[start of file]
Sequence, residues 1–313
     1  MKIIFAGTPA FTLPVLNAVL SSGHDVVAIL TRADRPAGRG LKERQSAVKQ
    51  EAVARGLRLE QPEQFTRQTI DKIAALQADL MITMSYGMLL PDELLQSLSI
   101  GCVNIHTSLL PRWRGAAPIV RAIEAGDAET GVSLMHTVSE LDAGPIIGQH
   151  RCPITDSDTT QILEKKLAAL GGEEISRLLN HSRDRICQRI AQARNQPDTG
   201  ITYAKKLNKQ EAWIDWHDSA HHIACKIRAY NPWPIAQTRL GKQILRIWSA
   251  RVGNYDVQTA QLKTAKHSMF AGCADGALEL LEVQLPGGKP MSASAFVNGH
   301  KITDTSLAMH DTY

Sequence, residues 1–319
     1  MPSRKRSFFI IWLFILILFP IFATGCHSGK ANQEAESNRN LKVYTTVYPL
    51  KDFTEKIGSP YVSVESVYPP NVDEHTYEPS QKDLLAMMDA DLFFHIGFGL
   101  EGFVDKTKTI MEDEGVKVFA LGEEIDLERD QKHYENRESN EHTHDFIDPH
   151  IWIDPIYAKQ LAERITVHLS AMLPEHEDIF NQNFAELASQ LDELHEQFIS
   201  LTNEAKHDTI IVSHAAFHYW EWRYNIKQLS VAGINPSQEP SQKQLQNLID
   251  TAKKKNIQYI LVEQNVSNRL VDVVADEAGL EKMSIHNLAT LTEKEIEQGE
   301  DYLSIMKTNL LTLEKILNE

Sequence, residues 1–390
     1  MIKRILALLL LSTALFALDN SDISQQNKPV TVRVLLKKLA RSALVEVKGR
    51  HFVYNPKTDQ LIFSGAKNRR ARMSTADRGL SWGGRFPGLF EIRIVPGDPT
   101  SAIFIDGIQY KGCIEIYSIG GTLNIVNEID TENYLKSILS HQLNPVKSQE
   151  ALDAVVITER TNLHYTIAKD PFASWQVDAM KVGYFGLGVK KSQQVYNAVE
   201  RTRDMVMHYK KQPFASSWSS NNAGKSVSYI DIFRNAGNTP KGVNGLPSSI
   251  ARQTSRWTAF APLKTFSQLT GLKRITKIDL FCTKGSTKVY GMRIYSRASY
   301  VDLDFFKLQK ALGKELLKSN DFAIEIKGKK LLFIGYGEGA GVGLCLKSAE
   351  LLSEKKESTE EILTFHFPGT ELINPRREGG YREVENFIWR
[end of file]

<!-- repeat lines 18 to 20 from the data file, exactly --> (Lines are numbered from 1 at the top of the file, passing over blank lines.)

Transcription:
     1  MIKRILALLL LSTALFALDN SDISQQNKPV TVRVLLKKLA RSALVEVKGR
    51  HFVYNPKTDQ LIFSGAKNRR ARMSTADRGL SWGGRFPGLF EIRIVPGDPT
   101  SAIFIDGIQY KGCIEIYSIG GTLNIVNEID TENYLKSILS HQLNPVKSQE